Septal Perforation Repair: The Procedure
Septal perforation repair refers to any measures taken to fix a hole in the septum — the structure separating the left and right cavities of the nose which is made of cartilage, bone and two mucous membrane layers on each side.
The steps taken to repair such a hole vary by patient based on the patient’s individual needs. Surgery may or may not be necessary, depending on the circumstances. In fact, the first course of treatment is not surgery, but rather medical management, the objective of which is to create a moist environment inside the nose. This may be accomplished with saline sprays, gels or over-the-counter ointments that prevent bacteria from growing.
If none of these measures are effective or if the patient is still experiencing bleeding, pain or difficulty breathing, it may be necessary to perform surgery. However, it is important to understand that the fail rate of procedures to correct septal perforations can be as high as 60 percent, so it should be viewed as a last resort rather than the first course of treatment.
Complexity of the Surgery
Septal perforation repair is an exceptionally complicated procedure. Therefore, prior to moving forward with surgery it is very important that your surgeon thoroughly examine you to make sure that you do have a perforation and determine the best course of treatment. The complexity of the procedure does eliminate many people from consideration for surgery.
Before clearing you to undergo surgery, your facial plastic surgeon will need to make sure you are a good candidate. As is the case with any surgery, you must be in good general health and have appropriate expectations as to the results.
It is very difficult to reestablish proper blood flow to the treated area. Consequently, people with smaller perforations are more likely to have success with surgery than those with larger perforations.
There are a number of steps you can take to prepare for septal perforation surgery. First, you will need to educate yourself regarding what the procedure can and cannot accomplish, as well as the potential risks and what the recovery period entails.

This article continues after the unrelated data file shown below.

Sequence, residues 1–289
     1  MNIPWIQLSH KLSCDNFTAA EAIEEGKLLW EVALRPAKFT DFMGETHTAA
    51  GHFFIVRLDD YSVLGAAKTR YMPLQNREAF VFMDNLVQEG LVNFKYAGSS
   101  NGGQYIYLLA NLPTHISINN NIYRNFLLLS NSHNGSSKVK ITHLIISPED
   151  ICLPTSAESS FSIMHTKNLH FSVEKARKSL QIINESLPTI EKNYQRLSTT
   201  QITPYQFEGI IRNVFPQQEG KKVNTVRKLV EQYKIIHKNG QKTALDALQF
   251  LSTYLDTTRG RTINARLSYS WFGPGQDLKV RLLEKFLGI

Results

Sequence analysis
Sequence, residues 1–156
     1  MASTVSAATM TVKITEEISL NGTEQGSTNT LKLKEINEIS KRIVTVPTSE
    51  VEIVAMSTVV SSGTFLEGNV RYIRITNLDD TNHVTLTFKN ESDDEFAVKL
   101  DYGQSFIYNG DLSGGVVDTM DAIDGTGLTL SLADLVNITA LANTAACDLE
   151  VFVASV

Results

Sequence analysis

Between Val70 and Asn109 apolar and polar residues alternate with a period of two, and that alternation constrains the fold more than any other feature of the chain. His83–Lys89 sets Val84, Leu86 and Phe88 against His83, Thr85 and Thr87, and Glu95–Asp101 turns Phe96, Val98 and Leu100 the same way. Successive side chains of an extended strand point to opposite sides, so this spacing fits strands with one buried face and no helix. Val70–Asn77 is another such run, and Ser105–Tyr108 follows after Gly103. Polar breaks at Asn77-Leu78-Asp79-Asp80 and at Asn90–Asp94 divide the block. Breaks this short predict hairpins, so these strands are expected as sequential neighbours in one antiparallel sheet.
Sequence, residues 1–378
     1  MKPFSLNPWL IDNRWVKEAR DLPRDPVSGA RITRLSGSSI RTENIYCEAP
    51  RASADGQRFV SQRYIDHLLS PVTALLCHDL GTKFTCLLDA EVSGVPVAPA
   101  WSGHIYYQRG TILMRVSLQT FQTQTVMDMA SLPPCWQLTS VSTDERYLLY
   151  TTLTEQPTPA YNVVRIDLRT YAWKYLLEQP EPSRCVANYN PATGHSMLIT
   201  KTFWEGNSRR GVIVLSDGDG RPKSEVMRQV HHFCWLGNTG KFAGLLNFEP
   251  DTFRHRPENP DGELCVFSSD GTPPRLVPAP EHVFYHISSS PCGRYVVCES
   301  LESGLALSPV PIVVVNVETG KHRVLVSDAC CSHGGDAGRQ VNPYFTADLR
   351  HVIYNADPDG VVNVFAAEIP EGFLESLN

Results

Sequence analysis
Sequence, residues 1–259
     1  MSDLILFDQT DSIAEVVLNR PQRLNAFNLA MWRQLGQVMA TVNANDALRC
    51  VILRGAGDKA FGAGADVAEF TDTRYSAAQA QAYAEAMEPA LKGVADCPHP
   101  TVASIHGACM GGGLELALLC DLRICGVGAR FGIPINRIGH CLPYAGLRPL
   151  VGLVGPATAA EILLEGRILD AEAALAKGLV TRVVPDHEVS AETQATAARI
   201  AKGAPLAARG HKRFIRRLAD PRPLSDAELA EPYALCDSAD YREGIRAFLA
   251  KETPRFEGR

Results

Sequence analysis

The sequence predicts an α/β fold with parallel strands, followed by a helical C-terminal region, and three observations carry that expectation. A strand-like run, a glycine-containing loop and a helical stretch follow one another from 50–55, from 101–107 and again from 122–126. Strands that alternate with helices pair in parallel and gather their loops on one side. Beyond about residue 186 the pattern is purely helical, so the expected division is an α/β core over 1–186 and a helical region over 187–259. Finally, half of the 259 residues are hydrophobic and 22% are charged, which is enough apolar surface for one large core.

It is also extremely important that you avoid smoking before (and after) surgery. Smoking interferes with healing and can increase your chances of infection.
Before heading to your preoperative consultation you should gather your medications, over-the-counter products and any supplements you take so that you can show them to your surgeon. Some medications and supplements, such as anti-inflammatories, aspirin and herbal supplements, can cause problems with your surgery.
Prior to surgery your surgeon will likely provide you with preoperative instructions and may ask you to undergo certain lab tests.
What Does the Surgery Involve?
Septal perforation surgery involves rebuilding cartilage components as well as the mucous membranes in the nose. Cartilage may be harvested from the patient’s ear or rib and placed on the septum. In some cases a skin flap will be made to cover the perforation. In others a septal “button,” or plastic prosthesis, may be used, but for many patients this proves ineffective and/or too annoying. Dissolvable plates are another option. Your facial plastic surgeon will be able to walk you through the different options and explain why he or she feels one is better than the others.
Because septal perforation repair is such a complex procedure, special precautions need to be taken. This may include the use of state-of-the-art 3D cameras so that the surgeon can view the interior of the nose in high definition. Being able to see the inside of your nose will allow the surgeon to avoid tampering with certain blood vessels and other tissues and structures, in turn reducing your recovery time.
Recovery from Surgery
Prior to having surgery it is imperative that you arrange for help from family and/or friends during your recovery period. Your surgeon will provide you with a list of items you will need to purchase as well as instructions for your aftercare. The length of recovery depends on the complexity of the procedure. Some patients are able to return to work in a few days while others need to wait much longer. If the procedure involved extensive grafting the recovery could entail far more downtime. The nose should be completely healed within about a month.